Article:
Perhaps Musk has some extra time on his hands. His Starship effort is currently tangled up in regulatory matters that may take months or even years to resolve, preventing SpaceX from conducting the launch tests at its South Texas spaceport that Musk had envisioned would begin soon. Expending that extra bandwidth on Twitter wouldn’t just be passing the time; it could have a real cost to his existing enterprises. Any financing deal would have to rely in some way on his holdings in his other firms, where much of his value is wrapped up. He also would have a whole new business to run: How much time would Musk devote to his new project? Would Musk, a notorious workaholic, dedicate himself to learning the ins and outs of a social-media network as he did an electric car or a rocket engine?

Twitter is a far less concrete project than Tesla and SpaceX. A Musk-run Twitter might have more in common with one of his less-known ventures, Neuralink, which Musk hopes will, in the short term, build devices to help people with brain disorders and, in the long run, connect human brains to computers. Social media, especially Twitter, has already done a commendable job of getting our brains hooked on computers. By buying Twitter, Musk could exert more control over the less-physical realities of our world—over what we know and how we think. If Musk were in charge of Twitter, he would have a tremendous amount of influence over the way people consume information online. His role would make Jeff Bezos’s ownership of The Washington Post seem almost quaint. Maybe that kind of control over Twitter, which Musk describes as “the de facto public square,” is worth it for him.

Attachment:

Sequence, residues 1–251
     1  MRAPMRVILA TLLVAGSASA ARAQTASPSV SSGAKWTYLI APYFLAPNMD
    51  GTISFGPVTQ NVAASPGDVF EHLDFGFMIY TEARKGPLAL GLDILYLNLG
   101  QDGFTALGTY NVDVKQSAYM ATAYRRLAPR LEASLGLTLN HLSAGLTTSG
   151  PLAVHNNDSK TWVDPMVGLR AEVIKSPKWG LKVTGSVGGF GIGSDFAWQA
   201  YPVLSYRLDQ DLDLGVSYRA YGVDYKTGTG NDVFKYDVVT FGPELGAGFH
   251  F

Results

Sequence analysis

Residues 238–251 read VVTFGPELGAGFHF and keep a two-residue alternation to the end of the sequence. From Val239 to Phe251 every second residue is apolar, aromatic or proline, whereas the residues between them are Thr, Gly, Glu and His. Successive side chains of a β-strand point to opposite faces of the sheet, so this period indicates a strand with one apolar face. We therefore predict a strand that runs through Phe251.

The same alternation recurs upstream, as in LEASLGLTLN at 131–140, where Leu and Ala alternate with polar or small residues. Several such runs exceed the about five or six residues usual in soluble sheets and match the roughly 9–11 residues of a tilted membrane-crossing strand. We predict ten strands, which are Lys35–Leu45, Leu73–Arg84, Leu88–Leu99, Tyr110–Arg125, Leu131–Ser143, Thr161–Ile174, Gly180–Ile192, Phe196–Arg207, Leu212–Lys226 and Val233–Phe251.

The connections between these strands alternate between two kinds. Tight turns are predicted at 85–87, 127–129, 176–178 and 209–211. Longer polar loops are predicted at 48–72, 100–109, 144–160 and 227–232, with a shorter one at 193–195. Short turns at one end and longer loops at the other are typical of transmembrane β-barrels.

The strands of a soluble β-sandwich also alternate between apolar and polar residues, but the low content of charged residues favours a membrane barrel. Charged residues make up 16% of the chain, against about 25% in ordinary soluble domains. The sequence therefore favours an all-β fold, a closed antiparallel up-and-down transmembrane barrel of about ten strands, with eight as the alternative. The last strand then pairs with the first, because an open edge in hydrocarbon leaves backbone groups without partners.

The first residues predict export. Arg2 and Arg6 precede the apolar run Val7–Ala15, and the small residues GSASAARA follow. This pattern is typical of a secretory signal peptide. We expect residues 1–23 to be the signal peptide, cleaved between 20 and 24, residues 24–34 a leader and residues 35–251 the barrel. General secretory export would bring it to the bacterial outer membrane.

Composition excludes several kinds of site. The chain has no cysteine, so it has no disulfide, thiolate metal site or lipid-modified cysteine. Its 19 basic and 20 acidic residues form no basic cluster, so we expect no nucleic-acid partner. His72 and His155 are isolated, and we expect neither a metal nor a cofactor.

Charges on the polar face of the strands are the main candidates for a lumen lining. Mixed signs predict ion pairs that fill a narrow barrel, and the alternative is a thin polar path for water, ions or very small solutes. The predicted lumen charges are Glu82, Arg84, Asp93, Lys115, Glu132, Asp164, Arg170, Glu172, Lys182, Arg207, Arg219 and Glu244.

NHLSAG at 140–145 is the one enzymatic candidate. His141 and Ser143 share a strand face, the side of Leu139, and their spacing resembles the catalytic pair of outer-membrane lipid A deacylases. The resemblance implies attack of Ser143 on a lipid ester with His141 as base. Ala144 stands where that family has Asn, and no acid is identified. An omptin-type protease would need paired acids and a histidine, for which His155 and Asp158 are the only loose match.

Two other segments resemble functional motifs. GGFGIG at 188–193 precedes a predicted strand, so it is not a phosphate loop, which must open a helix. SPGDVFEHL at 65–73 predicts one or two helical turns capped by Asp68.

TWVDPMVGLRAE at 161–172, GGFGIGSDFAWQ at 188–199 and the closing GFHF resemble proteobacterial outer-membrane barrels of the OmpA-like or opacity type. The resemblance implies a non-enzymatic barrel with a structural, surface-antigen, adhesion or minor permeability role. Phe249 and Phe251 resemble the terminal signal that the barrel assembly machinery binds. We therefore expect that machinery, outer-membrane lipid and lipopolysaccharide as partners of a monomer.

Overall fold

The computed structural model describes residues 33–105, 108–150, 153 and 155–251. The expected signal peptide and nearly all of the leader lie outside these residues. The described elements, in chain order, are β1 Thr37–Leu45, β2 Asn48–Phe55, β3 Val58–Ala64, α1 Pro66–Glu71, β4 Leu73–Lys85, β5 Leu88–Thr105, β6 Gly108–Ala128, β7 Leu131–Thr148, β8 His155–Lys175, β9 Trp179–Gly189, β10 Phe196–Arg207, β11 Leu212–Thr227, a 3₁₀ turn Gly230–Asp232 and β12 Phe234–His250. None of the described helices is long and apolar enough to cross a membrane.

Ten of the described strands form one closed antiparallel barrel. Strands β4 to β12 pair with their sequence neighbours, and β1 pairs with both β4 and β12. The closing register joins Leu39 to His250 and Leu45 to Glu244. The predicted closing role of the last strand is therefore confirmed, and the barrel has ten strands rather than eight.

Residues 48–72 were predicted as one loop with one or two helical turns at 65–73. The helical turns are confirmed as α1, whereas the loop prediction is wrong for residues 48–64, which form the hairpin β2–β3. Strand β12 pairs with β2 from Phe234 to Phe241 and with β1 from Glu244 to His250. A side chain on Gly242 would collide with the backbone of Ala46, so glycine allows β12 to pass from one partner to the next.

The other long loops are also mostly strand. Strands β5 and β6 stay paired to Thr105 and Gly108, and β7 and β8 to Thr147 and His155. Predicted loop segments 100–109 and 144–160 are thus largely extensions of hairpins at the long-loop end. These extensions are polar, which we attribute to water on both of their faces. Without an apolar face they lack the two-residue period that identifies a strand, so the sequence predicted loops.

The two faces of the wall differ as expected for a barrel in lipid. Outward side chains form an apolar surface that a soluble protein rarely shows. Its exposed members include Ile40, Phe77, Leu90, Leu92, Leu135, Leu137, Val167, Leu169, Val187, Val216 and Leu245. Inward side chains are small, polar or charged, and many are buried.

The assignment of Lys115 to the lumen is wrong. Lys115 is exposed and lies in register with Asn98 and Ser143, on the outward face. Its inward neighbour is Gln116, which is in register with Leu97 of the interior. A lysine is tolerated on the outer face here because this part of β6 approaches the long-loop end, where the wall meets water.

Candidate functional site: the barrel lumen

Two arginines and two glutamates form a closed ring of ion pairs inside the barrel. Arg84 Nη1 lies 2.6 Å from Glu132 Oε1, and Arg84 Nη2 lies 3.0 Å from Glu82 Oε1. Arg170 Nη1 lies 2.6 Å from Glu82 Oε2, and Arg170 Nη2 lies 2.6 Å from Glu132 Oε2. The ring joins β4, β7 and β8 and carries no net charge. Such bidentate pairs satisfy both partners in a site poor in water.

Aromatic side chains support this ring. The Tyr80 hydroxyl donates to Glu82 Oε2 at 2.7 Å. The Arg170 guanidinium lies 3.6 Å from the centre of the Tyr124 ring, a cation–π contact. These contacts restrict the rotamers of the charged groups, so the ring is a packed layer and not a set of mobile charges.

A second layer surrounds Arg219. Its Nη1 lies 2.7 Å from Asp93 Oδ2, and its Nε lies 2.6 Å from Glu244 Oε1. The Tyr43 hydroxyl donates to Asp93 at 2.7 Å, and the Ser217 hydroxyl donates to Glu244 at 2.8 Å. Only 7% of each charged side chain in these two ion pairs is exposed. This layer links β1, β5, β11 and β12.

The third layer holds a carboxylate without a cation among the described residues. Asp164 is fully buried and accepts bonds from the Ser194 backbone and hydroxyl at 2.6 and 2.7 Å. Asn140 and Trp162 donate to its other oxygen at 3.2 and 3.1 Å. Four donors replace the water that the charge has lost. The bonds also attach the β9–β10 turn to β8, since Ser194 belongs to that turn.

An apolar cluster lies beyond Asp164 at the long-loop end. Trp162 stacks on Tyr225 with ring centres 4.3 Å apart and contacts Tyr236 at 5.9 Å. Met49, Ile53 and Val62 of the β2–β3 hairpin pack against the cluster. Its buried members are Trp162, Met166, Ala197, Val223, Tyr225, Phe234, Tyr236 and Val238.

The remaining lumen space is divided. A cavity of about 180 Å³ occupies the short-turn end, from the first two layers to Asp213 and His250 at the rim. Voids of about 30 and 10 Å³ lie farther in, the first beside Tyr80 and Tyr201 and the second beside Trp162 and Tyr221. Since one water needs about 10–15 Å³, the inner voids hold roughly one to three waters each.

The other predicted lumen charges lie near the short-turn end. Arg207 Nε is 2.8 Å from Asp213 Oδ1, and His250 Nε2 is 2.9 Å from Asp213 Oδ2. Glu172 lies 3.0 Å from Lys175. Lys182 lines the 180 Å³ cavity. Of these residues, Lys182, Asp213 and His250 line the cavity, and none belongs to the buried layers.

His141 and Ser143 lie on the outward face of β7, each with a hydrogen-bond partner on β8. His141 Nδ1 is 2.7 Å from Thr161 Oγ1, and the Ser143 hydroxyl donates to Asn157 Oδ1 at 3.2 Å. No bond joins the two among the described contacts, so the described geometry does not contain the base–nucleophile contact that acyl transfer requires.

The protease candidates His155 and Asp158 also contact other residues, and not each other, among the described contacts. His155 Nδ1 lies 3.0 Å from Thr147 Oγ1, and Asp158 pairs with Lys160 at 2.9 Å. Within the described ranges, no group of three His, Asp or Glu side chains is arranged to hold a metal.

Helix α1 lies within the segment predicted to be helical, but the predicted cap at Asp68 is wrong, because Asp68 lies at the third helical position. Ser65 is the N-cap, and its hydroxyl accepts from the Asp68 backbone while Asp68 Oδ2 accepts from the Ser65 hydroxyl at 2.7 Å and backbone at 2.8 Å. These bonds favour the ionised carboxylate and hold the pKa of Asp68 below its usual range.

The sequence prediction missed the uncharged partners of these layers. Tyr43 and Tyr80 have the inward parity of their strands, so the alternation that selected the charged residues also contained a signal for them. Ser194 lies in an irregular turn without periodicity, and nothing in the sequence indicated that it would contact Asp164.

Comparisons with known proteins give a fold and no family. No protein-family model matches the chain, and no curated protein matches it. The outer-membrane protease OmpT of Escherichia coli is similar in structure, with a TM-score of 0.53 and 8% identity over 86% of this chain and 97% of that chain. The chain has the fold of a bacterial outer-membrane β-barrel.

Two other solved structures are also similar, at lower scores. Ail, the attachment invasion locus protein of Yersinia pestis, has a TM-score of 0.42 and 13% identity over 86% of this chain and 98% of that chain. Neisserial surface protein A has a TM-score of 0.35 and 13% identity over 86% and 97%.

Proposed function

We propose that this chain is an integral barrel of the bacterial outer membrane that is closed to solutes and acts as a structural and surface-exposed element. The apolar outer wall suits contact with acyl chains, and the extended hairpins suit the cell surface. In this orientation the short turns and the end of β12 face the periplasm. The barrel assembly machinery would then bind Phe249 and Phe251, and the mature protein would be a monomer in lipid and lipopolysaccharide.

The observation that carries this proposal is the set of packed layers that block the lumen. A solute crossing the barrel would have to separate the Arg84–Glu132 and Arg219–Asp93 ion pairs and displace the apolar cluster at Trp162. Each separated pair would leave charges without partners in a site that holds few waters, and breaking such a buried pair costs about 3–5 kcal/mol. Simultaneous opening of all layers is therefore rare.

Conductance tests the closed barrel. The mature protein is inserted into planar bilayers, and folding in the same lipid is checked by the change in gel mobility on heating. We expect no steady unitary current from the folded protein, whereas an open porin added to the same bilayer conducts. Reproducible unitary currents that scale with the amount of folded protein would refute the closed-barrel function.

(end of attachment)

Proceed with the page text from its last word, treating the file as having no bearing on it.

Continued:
Watching Musk in the TED interview today, it struck me how haltingly he spoke about his rationale for acquiring Twitter compared with the way he talks about rocket science. Or cars: “I think I know more about manufacturing than anyone currently alive on Earth,” Musk said today, referring to how much time he’s spent on Tesla’s factory floor, with his characteristic modesty. One could argue that Musk is watching what he says in order to avoid making some regulatory faux pas, but that seems like a generous interpretation for a man who today referred to the staff at the Securities and Exchange Commission’s San Francisco office as “those bastards.” It is more likely that he is on less-sure footing. With SpaceX and Tesla, Musk is in the business of building physical things. At Twitter, he would have an opportunity to shape the world in a more ethereal way. This is new territory for Musk—and, if the sale actually goes through—for the rest of us too.

Marina Koren is a staff writer at The Atlantic.